In case you missed it, the biggest news event to come out of the NRA Annual Meeting and convention this last weekend came from an unlikely source: a seminar on home defense concepts by Rob Pincus. (Those who know Rob may say it isn’t all that surprising he'd make headlines, but with the election of a new and indiscriminately vocal NRA president intent on reliving the 1990s it was surprising the press would focus on Pincus instead. Probably just as well that they did.)
It all started when the Think Progress blog, which has a decidedly anti-Second Amendment position, snuck a stowaway into Rob's seminar and videoed a couple of minutes which they put on YouTube. The video is part of his discussion on keeping a spare gun - should you have one - in a quick-access safe in your kid's room. The idea is that, in the case of a home invasion, it's very likely that you'll head to protect your kids first - and wouldn't it be a good idea to have a defensive tool there in case you hadn't yet made it to your safe room and retrieved its armament?
Here's the clip they posted:
Of course the key here is that the gun is kept in a safe, the same as it would be in your own bedroom. As Rob took care to explain, the safe in the kid's room is no more dangerous than the safe in your room. If the kids know there's a safe anywhere (and any conscientious parent will admit that you can't hide anything from kids - they will find it), they'll play with it. The fact that it's in their parent's bedroom makes it no less immune to their tampering than if it were on the coffee table in the living room. Kids, as I'm told, will be kids.
That's why the gun is in a quality, tamper-proof safe that's securely bolted down. The gun is no more dangerous than it would be in a safe anywhere else in the house, but it is accessible in an area where it is plausible that it would be needed. Logical, no?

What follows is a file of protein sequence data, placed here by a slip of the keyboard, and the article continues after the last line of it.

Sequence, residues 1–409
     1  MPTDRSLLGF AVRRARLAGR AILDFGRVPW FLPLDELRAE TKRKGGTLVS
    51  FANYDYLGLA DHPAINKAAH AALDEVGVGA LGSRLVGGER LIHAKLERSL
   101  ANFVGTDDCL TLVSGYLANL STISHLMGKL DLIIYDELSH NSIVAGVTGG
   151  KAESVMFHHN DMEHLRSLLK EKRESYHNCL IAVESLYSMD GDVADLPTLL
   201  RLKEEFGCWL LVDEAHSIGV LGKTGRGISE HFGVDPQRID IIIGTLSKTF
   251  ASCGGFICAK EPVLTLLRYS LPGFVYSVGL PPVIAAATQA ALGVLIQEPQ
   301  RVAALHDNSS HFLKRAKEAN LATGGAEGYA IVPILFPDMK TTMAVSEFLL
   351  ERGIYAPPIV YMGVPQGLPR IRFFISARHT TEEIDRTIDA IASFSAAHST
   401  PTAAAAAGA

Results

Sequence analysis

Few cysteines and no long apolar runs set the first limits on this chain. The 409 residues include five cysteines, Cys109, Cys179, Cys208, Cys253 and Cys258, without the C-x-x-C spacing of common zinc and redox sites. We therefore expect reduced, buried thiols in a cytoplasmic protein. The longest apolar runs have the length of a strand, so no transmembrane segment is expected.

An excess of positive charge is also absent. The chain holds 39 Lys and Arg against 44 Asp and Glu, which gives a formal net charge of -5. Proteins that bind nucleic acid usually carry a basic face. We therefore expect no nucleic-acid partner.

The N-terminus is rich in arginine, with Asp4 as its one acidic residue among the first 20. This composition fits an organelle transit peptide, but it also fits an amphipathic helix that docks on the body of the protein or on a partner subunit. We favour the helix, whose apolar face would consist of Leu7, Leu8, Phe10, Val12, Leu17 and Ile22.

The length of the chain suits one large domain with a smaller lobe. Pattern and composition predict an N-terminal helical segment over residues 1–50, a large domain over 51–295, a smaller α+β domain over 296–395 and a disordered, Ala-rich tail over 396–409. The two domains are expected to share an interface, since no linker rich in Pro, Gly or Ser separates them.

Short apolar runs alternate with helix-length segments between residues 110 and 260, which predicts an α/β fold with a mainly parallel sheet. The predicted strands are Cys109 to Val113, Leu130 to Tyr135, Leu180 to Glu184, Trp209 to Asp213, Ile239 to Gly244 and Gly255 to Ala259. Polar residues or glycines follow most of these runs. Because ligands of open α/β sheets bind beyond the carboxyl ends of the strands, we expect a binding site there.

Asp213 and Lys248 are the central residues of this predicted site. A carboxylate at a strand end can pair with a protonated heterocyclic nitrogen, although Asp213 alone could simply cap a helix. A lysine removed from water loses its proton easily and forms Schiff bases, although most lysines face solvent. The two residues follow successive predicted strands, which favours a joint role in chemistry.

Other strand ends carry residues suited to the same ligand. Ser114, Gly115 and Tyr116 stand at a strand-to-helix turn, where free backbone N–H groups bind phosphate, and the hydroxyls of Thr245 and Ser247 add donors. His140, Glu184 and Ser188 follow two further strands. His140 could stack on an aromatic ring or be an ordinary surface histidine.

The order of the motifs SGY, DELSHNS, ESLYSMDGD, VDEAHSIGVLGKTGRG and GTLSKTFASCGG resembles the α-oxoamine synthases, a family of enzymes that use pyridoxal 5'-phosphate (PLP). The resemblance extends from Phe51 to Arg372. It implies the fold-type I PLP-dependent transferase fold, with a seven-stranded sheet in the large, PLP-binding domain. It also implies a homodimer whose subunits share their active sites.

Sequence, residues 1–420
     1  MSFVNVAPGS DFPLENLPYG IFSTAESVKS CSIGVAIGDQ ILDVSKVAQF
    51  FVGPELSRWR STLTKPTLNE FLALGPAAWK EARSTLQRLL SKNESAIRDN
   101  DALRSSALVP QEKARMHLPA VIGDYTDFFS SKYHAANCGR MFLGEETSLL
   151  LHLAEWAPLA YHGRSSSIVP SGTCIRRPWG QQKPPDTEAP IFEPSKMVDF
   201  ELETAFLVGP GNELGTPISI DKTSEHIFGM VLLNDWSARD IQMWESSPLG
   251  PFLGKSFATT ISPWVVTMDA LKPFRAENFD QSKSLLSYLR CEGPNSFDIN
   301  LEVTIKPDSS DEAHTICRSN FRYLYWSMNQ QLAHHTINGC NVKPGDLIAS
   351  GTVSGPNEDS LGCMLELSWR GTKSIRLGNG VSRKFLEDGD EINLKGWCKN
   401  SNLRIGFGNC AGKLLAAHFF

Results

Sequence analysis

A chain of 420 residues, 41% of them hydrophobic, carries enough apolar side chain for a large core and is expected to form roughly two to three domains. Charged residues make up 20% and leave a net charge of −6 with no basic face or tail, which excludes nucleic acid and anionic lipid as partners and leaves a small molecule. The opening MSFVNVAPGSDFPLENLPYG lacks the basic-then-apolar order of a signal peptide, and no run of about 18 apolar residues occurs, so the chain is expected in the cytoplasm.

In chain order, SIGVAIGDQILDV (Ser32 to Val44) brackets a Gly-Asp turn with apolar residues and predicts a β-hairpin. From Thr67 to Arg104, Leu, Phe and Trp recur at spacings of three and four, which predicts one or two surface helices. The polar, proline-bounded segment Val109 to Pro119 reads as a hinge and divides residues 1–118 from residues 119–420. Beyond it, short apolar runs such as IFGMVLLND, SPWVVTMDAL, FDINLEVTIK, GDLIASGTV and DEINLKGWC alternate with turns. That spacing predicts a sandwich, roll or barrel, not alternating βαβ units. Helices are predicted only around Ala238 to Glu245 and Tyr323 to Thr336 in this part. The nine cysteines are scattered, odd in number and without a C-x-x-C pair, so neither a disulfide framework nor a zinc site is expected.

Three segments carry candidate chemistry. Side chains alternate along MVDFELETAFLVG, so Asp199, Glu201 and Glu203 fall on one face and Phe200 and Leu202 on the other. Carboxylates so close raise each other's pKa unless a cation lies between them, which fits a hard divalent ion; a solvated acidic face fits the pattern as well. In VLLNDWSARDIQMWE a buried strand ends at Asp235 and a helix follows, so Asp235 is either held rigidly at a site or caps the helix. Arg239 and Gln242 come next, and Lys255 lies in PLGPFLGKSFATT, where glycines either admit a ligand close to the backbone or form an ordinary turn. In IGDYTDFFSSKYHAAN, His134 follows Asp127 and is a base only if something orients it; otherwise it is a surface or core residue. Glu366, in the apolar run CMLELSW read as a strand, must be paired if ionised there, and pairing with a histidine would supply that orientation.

The story was quickly picked up by any number of knee-jerk blogs and websites, including the Huffington Post (whose editorial board is a staunch supporter of the Bill Of Rights, except the parts they find icky - like the Second.) The response amongst the prohibitionists was immediate, predictable and nearly unvarying: "Gun Expert Urges People To Keep Guns In Children's Bedrooms!"
Once there, the story-that-really-isn’t-a-story made its way into some a few of the more mainstream media outlets with similar results. It got even bigger play across the Atlantic, where both the Guardian and the Daily Mail expressed their dismay over the perceived craziness in the Colonies. (If Piers Morgan hasn't hopped on this story yet, he soon will.)
The story may get a bigger boost today: Rush Limbaugh's website featured the story this morning, and as I write this his live show hasn't yet started but I expect him to talk about it. (I don't often listen to Limbaugh, as I personally can't stand demagogues on any side of any issue, but I might make an exception today.)
What do you think: does keeping a gun in a safe in the kid's room make sense to you? (Feel free to post links to any mainstream news site which features this story!) -=[ Grant ]=-
I watched something amazing last night: the running gunfight with the Marathon bombing suspects in Watertown, MA. The interesting thing is that I didn't watch it on CNN; I followed it on Twitter.
I'll leave it to you to look up the details; what I want to talk about this morning is how breaking news information was being shared in this age of New Media.
I got wind of something happening outside of Boston at about 10:45 (Pacific time) last night. Just before heading to bed I decided to check in on Twitter and saw a cryptic reference to a gun battle with grenades in the Boston area. I typed in the hashtag #Watertown (the burg where it was happening) and was greeted with an incredible stream of on-the-ground observations; some were from residents of the areas, others were from people listening to the police radio traffic, and others were curious folk who simply went out and started gathering information.